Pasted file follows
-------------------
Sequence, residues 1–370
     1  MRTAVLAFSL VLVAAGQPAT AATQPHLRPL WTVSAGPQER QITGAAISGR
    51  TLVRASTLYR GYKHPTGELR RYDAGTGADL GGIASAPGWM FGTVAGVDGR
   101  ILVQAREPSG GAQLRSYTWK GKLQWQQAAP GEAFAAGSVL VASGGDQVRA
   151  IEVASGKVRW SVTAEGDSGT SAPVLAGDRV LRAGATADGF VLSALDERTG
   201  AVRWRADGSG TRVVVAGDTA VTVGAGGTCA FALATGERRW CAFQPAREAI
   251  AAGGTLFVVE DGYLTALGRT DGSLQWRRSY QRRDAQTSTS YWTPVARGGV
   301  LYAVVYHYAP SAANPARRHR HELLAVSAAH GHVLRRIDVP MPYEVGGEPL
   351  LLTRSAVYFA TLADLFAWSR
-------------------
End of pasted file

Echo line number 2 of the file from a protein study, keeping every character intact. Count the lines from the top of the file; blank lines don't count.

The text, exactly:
     1  MRTAVLAFSL VLVAAGQPAT AATQPHLRPL WTVSAGPQER QITGAAISGR